29 July 2016

The Outfit of Opposites


I call this the "outfit of opposites" because it illustrates the word 'opposite' in every sense. 

Old vs. New:  The jacket is Simplicity 2341 (OOP) and the skirt is McCall's 7253 (released this year).  

When this jacket first came out, I was unimpressed.  Though the pattern envelope leaves much to be desired, I bought it anyway because it had front and back shoulder princess seams.  I figured I could use better fabric and leave off the shoulder fins shown in view D.  This is an example of relying heavily on the line drawings and the Internets to bring out inspiration.

The skirt has pleats and can be sewn with or without a waistband.  Views A and E have contrast bands.  I just noticed that the zipper is placed at the center back.  I completely missed this while sewing and placed mine at the left side seam. 

I stayed away from pleated skirts for a very long time until I saw people with a similar shape sew and wear them.  So I gave this pattern a try and happy with the look.

Structured vs. Free-flowing:  The jacket has very defined lines by nature of its military style.  I used metal buttons on the front panel and denim topstitching thread along the princess seams, collar, and hem.

 (hmm...need to resew that third button on the right (facing) side)

The skirt, by contrast, has eight pleats that give it lots of volume and flow.  I roll-hemmed the skirt because hemming this joint any other way gave me fits!  More on that in a moment.


Stash vs. New Purchase:  The denim is from the stash and the animal print cotton voile is not.  I bought the voile with the intention of making a pleated skirt and to pair with this jacket.  I had an image in my mind and am happy to see that it worked.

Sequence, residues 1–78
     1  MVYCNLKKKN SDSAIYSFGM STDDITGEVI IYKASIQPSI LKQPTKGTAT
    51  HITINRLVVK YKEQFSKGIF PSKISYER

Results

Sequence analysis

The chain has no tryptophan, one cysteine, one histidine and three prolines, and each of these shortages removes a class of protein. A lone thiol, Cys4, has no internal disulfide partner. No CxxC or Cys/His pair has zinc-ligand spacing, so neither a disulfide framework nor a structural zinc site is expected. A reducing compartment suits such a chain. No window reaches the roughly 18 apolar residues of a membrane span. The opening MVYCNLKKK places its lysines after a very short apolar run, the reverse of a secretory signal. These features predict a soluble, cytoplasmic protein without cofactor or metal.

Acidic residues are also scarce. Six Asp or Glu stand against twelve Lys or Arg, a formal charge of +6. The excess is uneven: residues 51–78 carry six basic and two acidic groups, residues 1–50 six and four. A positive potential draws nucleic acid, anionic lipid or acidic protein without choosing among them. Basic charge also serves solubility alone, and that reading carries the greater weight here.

Lined vs. Unlined:  After making the Jamie Christina coat, I had NO desire to line another jacket.  

 (poly fleece sleeve head)

The skirt, however, is flat-lined.  The voile is very sheer and definitely needed lining.  Again, more on that in a moment.


Neat vs. Hot Mess:  The jacket looks as good on the inside as it does on the outside.  I used my serger to finish the princess seams together before topstitching and used the serger to finish the raw edges for the side and shoulder seams.

The skirt, on the other hand, is a mess!  At some point, I lost track of which way I pressed the pleats, so they're going in all kinds of directions on the inside.  Fortunately, it's not too obvious from the right side.

So about flat-lining and the rolled hem...

Usually I cut my skirt linings the same length as the skirt and then hem the lining after I've hemmed the skirt.  It's not convention, but it works for me.   While I LOVE flat-lining, I ran into an issue with how to hem the skirt and lining.  

In flat-lining, the garment and lining are treated as one unit once attached.  Since the width of the skirt at the hem is SUPER wide and my lining shifted during sewing, it was nearly impossible to turn up the hem and blindstitch.  IMPOSSIBLE.  After stitching and unstitching many times, I gave up and rolled hem the skirt and lining separately.

 SMH

It is not pretty at all!  There has got to be a better way to do this.  I'm thinking that if I intend to flat-line, then I should cut and hem the lining first and then proceed as normal.  That way, the lining is finished before the side seams are sewn.  Hmm.  

***

Sewing/Fitting the Jacket:  I started with a size 16 jacket after comparing it to other princess seam patterns I sewed.  I made a 1" swayback adjustment and added 0.5" to the bust area tapering to nothing above and below curve.  I did not make a muslin.

Everything else was pretty straight forward - except for the front button panels.  The instructions have you cut only two pair of panels (one for each side) and stitch them to the front.  There is no mention of how to finish the edges or if they are to be turned under or remain raw.

I did my own thing.  I cut fusible interfacing using the same pattern pieces.  Then I stitched the interfacing to the panels, right sides together, using a 1/4" seam allowance. 


After trimming the seam allowance, I clipped the curved area, turned the facing to the inside, and pressed into place - taking care to roll the interfacing to the underside.


Doing it this way ensures that the panel is interfaced and the raw edges are finished.


The sleeves are freakishly long.  I guess the line drawing shows this, but still.  I didn't expect them to be this long.  After pinning the length I wanted, I lopped off 1.5" from the bottom and then sewed a 1.5" hem.

I didn't include the front zippered pockets or the back tab.  I cut and sewed the tab, but didn't like how it looked.

I sewed the buttons to the front before attaching the facing so that my stitches didn't show.